I come from a very simple family, it is a miracle that I ended up in a choreographic school.
Sergei Vikharev was born in Leningrad. At the age of ten, he entered the Leningrad Vaganova Choreographic School. Talking about his professional «genealogical tree», he liked to joke that he was in three handshakes from Petipa: «My first teacher, Anna Bazhayeva, was a daughter-in-law of Shiryaev, Petipa’s assistant. After her, there was Marina Vladimirovna, the mother of a choreographer Nikolai Boyarchikov. Finally, I graduated from the class of Vladlen Semenov, who was a pupil of [Alexander] Pushkin and [Vladimir] Ponomarev, principal dancer of the Kirov theater, a husband and a partner of Irina Kolpakova».
«He came to the Kirov Theater in a difficult time: by the beginning of the 1980s, its repertoire consisted mainly of sterile Soviet editions of classical ballets. However, the theater was gradually changing: a modern western choreography began to penetrate the Kirov stage, although in very small amounts. Vikharev, who had been working for the company since 1980, devoted himself to the classical repertoire: „a determined classic“, surrounded by the intricacies of the most sophisticated combinations, found his niche in the ballets of Bournonville and Balanchine, in the romantic Giselle and stylized Chopiniana, in still sterile at that time Sleeping Beauty and Fokine’s Carnival» (Tatyana Kuznetsova, «Kommersant»).
Those who watched Vikharev’s performance described it invariably using the word «style», and this was an exceptional thing in the era when the very notion of style was blurred and almost lost. Extremely clear articulation of steps, accuracy and restraint of movements, a choreographic text not as a mechanical set of steps, but as a coherent dance. Vikharev avoided the slightest negligence and vulgar demonstrations of «acting» and «soul», but somehow he was able to give the performance a great artistic sparkle.
Vikharev started his career as a choreographer in 1995 with a small ballet «Leda and the Swan» at the Hermitage Theater in St. Petersburg. A year later, the Novosibirsk Opera invited him to revive Mariinsky Theater production of the Sleeping Beauty. A year after that he was staging the ballet scenes of Ponchielli’s Gioconda at the Teatro Carlo Felice in Genoa.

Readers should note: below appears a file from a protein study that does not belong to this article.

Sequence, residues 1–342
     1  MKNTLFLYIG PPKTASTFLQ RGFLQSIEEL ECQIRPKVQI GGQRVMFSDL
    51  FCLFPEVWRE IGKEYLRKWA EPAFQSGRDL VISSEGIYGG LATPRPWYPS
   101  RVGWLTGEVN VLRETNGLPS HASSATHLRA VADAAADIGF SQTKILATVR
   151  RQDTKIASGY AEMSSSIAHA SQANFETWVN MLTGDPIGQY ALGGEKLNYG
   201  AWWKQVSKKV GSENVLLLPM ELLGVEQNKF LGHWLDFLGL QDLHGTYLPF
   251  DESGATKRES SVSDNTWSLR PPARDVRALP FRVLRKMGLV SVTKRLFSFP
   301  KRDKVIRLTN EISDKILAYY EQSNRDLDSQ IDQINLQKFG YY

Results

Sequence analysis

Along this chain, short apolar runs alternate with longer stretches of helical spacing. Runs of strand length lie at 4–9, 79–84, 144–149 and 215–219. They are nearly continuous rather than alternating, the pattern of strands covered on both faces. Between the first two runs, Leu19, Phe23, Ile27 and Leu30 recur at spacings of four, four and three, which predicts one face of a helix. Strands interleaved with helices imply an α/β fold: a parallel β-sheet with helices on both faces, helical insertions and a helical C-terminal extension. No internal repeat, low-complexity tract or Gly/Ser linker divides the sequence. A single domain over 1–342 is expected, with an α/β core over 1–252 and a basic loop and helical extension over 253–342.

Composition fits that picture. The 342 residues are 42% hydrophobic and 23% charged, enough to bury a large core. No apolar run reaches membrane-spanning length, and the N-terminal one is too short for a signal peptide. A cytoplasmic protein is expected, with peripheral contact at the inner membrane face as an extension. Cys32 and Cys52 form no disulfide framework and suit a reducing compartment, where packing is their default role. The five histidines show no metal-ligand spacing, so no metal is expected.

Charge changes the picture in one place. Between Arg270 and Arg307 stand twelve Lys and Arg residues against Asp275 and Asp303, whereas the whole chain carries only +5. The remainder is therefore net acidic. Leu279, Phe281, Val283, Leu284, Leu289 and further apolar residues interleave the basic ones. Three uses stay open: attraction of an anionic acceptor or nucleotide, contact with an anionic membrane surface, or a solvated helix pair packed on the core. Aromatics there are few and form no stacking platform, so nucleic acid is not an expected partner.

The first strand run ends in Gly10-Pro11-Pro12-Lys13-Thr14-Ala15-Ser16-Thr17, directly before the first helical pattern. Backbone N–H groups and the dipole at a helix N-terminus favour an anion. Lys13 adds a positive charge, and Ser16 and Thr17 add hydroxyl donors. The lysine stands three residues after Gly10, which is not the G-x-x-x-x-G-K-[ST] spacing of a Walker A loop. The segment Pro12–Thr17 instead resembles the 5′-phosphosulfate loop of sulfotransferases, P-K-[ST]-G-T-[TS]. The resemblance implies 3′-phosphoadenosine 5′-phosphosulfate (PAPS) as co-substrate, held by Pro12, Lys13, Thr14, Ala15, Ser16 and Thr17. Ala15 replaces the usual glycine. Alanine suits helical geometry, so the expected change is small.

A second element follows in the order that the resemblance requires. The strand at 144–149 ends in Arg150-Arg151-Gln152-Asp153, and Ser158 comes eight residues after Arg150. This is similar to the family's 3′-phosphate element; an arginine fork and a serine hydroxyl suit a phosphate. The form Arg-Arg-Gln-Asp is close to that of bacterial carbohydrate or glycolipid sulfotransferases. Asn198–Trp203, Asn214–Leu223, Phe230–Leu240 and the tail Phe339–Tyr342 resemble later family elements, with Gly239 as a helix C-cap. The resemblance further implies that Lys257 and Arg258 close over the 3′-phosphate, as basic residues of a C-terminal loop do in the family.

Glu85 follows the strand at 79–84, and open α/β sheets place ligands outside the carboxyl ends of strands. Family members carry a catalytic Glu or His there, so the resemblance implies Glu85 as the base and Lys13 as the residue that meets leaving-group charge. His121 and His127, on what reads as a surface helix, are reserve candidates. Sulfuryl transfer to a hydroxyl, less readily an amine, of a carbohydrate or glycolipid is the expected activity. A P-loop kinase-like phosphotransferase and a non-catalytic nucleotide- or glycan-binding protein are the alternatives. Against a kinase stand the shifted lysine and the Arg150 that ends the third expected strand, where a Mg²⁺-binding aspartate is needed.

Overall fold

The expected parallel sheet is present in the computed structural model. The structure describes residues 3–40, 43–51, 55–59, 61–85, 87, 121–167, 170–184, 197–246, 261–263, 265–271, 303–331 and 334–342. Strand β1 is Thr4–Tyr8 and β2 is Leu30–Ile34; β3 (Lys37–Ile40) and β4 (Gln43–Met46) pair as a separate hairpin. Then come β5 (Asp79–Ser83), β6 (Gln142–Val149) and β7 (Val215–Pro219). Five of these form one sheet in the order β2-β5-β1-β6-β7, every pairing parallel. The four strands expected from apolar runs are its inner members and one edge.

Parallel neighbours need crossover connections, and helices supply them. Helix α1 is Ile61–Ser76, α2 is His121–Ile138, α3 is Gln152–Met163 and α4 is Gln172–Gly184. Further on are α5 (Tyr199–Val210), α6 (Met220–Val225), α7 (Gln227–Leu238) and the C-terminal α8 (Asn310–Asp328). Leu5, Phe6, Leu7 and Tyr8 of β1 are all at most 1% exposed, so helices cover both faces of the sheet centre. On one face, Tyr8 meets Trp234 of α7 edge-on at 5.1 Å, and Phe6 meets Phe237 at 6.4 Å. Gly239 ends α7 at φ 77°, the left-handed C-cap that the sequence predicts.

Vikharev was not a choreographer in the true sense of the word, he did not create the original choreography, did not invent new combinations and duet lifts, he did not use the elements of other dance systems apart from the classical one. He was not a creator, but he was a keeper of the school’s traditions. In this sense, Vikharev belonged to the same profession as Petipa, and it would be more correct to call him a ballet master.
It is no coincidence that it was Vikharev, together with the ballet critic Pavel Gershenzon, who was sent to Harvard by the management of the Mariinsky Ballet in 1997. Vikharev was the first Russian choreographer to study the prerevolutionary records of Petipa’s ballets stored there. It was the beginning of a long-term project of Petipa’s ballets reconstruction — one of the greatest events in the modern history of Russian ballet.
The first production is the frame of this project and Viharev’s debut as a reenactor — was the Sleeping Beauty at the Mariinsky Theater. The premiere took place on April 30, 1999, and it would not be an exaggeration to say that this day the Soviet era of the national ballet theater really came to its end. There were various opinions about Vikharev’s method and the very idea of bringing Petipa’s ballets closer to the standards of the 19th century was not shared by everyone.
However, there were no doubts about Vikharev’s chorographical talent and the importance of the event: the return of the Sleeping Beauty in the old new interpretation was compared with the return to St. Petersburg its historical name in 1991.
Neither in Sleeping Beauty, nor in the subsequent works — Coppelia performed in Novosibirsk (2002), La Bayadère (2002) and The Awakening of Flora at Mariinsky Theater (2007), triumphal Raymonda at La Scala (2011) — Vikharev did not try to reproduce the exact plastic and manners of the 19th century dancers. It was not the poses copied from the old pictures that gave Viharev’s works their charm and nobleness. He despised such mannerism and was well aware that the psychophysics of the artists had changed dramatically over a hundred years. The rules of the school, on the other hand, remained unchanged, and Vikharev always strictly followed them.
In 2015, the reconstruction project reached a new stage: Petipa’s «La Fille Mal Gardée» was not completely recorded in the notations, which required from Vikharev a completely different approach and author’s inclusion, and this was exactly what he did in his work with the Ekaterinburg Ballet. Due to his highest skills as a choreographer, it is almost impossible to notice the difference between the old and new fragments. In addition, it is a ballet comedy of an exceptional grace and brilliance.
«Paquita» was the next work of Vikharev: again, Ekaterinburg, again the reconstruction of Petipa’s choreography, and again, the notes were partially lost, but directing tasks were even more challenging. Vikharev managed to choreograph the key ensembles, but his death interrupted the work. «The problem is not that our plans were cancelled: Vikharev’s professional culture, his taste and experience were unconditional even for those who did not accept his views. Petipa has lost his representative in the present» (Anna Galaida, «Vedomosti»). Now Vyacheslav Samodurov is in charge of the production: the premiere will take place on February 22, 2018.